Between friends: Class, gender, and friendship

Karen Elizabeth Walker, University of Pennsylvania


Using data collected in 52 in-depth interviews with working- and middle-class men and women my dissertation compares the meanings, definitions, and experiences of friendship by gender and class. Specific opportunities and obligations of working- and middle-class men and women influenced the organization of friendship. How often friends saw each other, what they did, what they talked about, and where they saw each other all varied by class and gender. Not only did class and gender organize friendship, they also shaped expectations about friendship in significant ways. Working-class respondents emphasized material and emotional interdependence in friendship; middle-class respondents emphasized shared leisure and emotional support. As a result, potential areas of strain differed. Working-class men and women exhibited more open conflict within friendships. Middle-class men and women were sometimes isolated and lonely. People of various genders and classes frequently used similar words to talk about friendship, but further exploration of what they meant revealed that the similarities in words obscured vastly different meanings about friendship. Gender and class, however, did not exert the same degree or kind of influence on friendship organization and expectations. Gender acted as an ideological construction across all social domains and had a powerful effect on respondents' interpretations of their friendships. Class did not. Broadly shared ideologies of masculinity and femininity influenced individuals' depictions of their friendships in interviews. Men's and women's reported friendship behaviors, however, were more similar than they thought they were. The constraints of being either working or middle class sometimes shaped behavior in ways that contradicted the prescriptions of gender ideologies. In contrast to gender, class-based experiences influenced friendship behaviors, but men and women did not express class-based ideologies about friendship.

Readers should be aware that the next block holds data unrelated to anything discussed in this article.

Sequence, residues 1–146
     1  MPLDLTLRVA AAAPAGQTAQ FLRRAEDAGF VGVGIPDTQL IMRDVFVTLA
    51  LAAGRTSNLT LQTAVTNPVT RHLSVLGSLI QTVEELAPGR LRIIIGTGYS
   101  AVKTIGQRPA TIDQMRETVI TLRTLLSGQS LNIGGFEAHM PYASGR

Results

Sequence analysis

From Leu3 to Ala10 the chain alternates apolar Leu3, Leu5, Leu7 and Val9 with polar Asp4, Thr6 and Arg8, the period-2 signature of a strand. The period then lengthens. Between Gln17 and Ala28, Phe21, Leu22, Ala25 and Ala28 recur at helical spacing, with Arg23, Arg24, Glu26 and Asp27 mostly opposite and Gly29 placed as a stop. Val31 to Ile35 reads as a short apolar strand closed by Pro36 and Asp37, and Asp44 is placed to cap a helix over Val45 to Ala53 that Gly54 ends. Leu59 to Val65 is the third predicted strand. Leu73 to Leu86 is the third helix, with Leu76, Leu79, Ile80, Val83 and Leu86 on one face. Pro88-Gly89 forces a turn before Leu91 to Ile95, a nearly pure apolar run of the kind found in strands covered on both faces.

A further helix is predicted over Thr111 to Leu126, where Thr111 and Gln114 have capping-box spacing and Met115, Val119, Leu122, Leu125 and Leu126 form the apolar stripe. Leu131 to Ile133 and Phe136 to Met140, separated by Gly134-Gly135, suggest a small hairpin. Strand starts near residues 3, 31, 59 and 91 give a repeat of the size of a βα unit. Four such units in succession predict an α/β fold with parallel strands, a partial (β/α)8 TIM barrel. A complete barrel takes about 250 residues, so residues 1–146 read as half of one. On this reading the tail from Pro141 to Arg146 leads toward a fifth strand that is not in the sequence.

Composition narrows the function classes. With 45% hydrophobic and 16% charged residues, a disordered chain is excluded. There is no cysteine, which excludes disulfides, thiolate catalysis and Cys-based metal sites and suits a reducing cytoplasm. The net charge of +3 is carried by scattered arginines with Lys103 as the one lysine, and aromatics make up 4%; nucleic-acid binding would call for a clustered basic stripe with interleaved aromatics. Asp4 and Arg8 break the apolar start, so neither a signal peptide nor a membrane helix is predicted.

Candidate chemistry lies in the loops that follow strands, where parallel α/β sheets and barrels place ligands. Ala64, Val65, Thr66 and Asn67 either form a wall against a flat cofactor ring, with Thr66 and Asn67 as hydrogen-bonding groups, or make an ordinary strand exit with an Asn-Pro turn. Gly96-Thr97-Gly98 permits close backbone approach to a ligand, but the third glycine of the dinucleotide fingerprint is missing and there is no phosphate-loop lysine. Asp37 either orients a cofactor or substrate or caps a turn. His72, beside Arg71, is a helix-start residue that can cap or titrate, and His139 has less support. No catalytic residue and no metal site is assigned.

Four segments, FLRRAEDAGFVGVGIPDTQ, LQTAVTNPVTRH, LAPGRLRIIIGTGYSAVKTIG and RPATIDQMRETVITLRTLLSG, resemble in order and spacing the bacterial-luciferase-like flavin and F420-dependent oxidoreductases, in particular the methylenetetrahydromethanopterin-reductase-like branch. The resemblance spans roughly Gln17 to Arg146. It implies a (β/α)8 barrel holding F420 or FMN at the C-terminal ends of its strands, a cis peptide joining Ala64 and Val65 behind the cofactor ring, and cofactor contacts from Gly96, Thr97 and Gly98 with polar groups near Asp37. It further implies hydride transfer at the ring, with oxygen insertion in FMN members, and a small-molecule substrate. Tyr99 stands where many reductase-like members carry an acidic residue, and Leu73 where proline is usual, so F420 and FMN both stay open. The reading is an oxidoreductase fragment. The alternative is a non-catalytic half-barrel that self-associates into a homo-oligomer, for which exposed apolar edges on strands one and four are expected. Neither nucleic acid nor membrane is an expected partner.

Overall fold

Subject Area

Sociology|Womens studies|Social psychology

Recommended Citation

Walker, Karen Elizabeth, "Between friends: Class, gender, and friendship" (1993). Dissertations available from ProQuest. AAI9413924.